- The Washington Times - Monday, December 26, 2005

Every so often Congress is able to put its words into action. Everyone talks about the need for fiscal responsibility, but last week Congress seized a historic opportunity to actually deliver on that promise. For the first time in eight years, the House and Senate approved a deficit reduction package that will reduce the deficit by nearly $40 billion over five years while improving delivery of health care to low-income and elderly patients, increasing financial aid for low-income college students and providing relief to those affected by the Gulf Coast hurricanes.

While I would have liked the Deficit Reduction Act to save even more, its passage is a significant victory for our children and grandchildren. They face trillions of dollars of debt from this generation unless we slow the growth of mandatory spending programs.

According to the U.S. Treasury, the fiscal 2005 deficit was $319 billion. Simply put, we spend more than we take in. Automatic spending, excluding interest on the debt, now represents 56 percent of all federal spending. Left unchecked, that will grow to more than 62 percent in 10 years.

As the massive Baby Boom Generation begins retiring in 2008, spending will accelerate in the largest entitlement programs — Medicare, Medicaid and Social Security — and enormously pressure the economic resources of future generations.

For the last eight years, we have ignored this problem. Last week, Republicans led a positive first step toward a fiscal discipline I hope will continue.

While we have reduced the growth beyond the $40 billion in net savings in the bill, the Deficit Reduction Act also provides some good government reforms. The bill improves access to higher education for low-income college students. It reduces bank and education lender special payments and profits by $20.2 billion and achieves another $2.2 billion in administrative savings. It then directs $9.6 billion back into student benefits and $12.7 billion toward deficit reduction.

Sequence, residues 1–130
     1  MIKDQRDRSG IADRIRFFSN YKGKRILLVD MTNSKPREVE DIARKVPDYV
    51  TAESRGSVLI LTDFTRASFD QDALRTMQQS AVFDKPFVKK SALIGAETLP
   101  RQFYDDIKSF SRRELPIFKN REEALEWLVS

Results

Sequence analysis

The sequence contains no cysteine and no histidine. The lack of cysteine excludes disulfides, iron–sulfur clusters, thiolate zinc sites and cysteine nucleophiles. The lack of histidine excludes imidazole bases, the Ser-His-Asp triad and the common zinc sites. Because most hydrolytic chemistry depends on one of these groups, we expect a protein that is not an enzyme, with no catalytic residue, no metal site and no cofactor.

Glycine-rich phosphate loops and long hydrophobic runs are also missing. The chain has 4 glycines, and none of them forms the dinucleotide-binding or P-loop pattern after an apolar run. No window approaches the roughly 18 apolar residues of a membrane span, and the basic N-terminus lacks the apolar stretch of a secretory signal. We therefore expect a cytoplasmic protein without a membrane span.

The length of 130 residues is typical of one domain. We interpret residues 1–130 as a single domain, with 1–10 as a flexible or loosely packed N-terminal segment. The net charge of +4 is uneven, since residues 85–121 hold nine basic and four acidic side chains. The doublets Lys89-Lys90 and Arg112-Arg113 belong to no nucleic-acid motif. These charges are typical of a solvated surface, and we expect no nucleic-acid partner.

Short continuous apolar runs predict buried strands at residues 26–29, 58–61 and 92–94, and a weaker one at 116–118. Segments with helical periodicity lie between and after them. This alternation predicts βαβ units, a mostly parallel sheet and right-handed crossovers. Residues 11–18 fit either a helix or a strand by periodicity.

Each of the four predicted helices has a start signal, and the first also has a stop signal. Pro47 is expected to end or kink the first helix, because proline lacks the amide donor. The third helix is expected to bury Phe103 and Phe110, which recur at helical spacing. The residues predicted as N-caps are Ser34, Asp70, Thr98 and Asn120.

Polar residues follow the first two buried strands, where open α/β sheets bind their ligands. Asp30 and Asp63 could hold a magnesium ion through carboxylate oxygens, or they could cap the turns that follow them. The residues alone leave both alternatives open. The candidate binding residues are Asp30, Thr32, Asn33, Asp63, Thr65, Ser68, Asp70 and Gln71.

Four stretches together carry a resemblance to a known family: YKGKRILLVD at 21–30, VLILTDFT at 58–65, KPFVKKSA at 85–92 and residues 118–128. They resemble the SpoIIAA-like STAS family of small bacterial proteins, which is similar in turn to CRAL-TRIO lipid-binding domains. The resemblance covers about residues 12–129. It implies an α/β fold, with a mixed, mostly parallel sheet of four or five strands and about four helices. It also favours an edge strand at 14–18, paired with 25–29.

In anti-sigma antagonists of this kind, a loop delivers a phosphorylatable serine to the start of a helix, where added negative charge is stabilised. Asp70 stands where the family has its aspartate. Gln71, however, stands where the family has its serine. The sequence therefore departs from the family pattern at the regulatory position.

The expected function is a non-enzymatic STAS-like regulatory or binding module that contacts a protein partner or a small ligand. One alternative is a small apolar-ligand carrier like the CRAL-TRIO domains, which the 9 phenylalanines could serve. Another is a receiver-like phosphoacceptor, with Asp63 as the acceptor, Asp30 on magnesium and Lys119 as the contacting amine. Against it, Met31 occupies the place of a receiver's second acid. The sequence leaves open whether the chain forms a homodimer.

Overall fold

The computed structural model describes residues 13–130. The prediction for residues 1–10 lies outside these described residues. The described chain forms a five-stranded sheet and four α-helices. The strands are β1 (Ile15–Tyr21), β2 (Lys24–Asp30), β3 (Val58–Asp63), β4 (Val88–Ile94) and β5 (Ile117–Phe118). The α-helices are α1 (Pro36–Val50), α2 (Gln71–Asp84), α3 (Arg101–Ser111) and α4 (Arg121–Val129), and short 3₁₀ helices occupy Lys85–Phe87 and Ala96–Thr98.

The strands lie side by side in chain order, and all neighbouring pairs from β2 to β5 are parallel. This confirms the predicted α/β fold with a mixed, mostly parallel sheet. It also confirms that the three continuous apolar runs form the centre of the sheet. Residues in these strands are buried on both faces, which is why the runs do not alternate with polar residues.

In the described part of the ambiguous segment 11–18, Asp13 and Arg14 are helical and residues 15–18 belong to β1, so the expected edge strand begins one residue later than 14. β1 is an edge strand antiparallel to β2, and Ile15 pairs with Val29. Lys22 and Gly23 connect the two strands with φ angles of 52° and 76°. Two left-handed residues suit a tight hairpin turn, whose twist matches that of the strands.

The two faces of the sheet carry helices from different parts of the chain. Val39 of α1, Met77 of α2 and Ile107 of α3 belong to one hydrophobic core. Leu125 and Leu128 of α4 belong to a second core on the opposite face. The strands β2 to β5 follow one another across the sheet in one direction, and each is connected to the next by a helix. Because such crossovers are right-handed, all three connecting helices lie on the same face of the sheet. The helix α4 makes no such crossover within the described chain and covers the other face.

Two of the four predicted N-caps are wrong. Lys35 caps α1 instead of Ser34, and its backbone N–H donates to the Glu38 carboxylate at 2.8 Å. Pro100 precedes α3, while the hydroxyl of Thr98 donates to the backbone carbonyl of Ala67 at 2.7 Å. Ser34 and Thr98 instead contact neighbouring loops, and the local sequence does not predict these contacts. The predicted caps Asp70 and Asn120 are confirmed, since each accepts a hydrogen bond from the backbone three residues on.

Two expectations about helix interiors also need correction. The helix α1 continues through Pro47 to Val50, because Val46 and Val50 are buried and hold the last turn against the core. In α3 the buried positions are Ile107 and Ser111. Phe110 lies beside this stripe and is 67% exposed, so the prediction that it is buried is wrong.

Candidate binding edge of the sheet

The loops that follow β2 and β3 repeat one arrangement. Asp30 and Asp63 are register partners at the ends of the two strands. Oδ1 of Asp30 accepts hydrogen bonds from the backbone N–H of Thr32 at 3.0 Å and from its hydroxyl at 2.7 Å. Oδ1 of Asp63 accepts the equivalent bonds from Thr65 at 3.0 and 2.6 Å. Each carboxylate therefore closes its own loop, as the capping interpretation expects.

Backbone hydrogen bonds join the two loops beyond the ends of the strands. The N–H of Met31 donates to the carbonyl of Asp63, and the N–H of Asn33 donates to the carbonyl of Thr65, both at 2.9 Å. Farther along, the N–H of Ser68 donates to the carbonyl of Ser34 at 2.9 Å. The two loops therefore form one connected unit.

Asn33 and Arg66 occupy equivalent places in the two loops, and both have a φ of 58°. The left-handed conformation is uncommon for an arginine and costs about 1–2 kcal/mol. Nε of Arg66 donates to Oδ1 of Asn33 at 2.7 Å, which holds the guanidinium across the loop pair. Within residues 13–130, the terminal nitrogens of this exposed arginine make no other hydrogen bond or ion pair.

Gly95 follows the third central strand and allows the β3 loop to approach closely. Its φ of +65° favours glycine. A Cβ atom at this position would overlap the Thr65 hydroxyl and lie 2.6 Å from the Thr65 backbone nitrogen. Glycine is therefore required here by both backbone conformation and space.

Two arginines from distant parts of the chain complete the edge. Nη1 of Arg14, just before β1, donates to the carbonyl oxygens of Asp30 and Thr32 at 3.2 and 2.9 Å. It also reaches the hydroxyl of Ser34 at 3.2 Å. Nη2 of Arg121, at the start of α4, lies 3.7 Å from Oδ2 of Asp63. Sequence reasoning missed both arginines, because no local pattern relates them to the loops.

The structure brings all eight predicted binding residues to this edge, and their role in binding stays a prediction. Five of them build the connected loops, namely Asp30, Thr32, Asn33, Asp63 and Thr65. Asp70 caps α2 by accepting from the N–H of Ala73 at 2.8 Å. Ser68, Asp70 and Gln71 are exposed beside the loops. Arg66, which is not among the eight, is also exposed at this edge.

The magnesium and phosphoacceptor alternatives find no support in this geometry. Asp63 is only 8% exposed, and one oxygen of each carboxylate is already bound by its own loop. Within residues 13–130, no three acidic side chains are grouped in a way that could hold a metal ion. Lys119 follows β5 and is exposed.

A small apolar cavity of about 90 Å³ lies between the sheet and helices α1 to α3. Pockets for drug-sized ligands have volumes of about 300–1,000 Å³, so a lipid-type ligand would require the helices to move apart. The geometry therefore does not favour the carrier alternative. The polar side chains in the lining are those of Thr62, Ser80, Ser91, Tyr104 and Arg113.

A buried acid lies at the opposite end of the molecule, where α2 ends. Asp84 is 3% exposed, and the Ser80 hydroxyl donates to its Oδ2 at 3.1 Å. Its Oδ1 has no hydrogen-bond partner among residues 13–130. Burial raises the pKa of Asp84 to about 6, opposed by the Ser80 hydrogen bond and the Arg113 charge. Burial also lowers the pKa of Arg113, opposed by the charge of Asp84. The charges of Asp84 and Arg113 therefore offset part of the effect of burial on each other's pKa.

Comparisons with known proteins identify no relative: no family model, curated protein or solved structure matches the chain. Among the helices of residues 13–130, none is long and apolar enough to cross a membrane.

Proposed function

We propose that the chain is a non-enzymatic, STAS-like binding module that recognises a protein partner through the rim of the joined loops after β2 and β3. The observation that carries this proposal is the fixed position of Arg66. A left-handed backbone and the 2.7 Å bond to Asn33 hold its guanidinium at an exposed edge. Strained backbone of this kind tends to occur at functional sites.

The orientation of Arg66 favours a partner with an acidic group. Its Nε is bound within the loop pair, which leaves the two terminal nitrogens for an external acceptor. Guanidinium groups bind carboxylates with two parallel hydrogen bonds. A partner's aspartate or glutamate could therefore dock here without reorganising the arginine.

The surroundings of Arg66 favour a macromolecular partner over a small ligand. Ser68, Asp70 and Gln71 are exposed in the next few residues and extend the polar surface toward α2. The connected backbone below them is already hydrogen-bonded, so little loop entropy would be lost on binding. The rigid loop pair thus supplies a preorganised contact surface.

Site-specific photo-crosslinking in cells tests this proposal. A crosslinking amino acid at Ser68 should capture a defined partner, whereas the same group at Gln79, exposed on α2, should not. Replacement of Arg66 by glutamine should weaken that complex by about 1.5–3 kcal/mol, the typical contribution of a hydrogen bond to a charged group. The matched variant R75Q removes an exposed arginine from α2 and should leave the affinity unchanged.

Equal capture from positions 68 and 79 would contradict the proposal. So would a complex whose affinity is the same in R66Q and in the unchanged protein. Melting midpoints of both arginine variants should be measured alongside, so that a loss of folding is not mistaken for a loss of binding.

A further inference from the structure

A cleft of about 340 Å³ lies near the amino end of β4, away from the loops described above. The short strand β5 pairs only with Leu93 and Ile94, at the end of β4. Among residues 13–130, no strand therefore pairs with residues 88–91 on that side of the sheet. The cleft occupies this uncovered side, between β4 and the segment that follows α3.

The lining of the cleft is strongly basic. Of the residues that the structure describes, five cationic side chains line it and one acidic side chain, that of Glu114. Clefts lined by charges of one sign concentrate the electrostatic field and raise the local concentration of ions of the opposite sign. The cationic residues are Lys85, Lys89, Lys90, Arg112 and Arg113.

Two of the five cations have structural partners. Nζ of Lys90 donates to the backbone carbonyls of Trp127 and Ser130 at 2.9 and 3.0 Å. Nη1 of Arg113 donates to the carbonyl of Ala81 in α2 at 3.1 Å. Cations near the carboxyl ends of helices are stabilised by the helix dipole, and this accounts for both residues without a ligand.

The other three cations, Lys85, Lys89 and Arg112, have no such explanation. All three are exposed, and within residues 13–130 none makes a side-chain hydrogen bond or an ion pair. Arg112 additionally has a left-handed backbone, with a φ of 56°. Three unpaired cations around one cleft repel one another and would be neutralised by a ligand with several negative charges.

Grant aid to low-income college students will rise 99 percent, and the bill establishes a new grant program to strengthen U.S. competitiveness and national security. Low-income, high-achieving college students will be eligible for more than $2,000 in additional grant aid in their first two years of school, and those students pursuing degrees in math, science and foreign languages critical to national security are eligible for $4,000 in additional grant aid for each of their third and fourth years. These award levels are in addition to the maximum federal Pell Grant of $4,050 for which a low-income student would otherwise be eligible.

The Deficit Reduction Act provides another $5.9 billion to benefit both low-income and middle-income borrowers in the student loan program. It reduces “taxes” on students by phasing out loan origination fees — surcharges students pay to access government-backed loans. It includes loan forgiveness up to $17,500 for special education, math and science teachers who agree to teach in low-income schools, and loan deferment for active-duty military personnel.

The bill slows the growth of Medicaid from 41 percent to 40 percent over the next five years. The net savings result from making reimbursements to pharmacies and drug manufacturers more accurate, clarifying how states can use case management programs, and closing a loophole that permits individuals with assets to qualify for long-term care coverage in Medicaid.

These savings allow the Deficit Reduction Act to increase health benefits for low-income individual and families, including $1.38 billion to expand Medicaid benefits under the Family Opportunity Act so 1 million more disabled children can be covered. The bill includes $2 billion in additional Medicaid benefits to 1.9 million Hurricane Katrina victims in Louisiana, Mississippi and Alabama, and $770 million for home and community-based health programs for elderly and disabled low-income people. This bill also gives state governors more flexibility on how they deliver Medicaid, allowing them to deliver more services to more people at a lower rate of growth.

It is my hope deficit reduction will continue to be a priority of the Congress, not only during this holiday season but throughout the year. They should focus on how to make government programs work more effectively and at a lower cost, and make fiscally responsible decisions about the economic future we want to leave our children and grandchildren. We owe them nothing less.

Judd Gregg, New Hampshire Republican, is chairman of the U.S. Senate Budget Committee.



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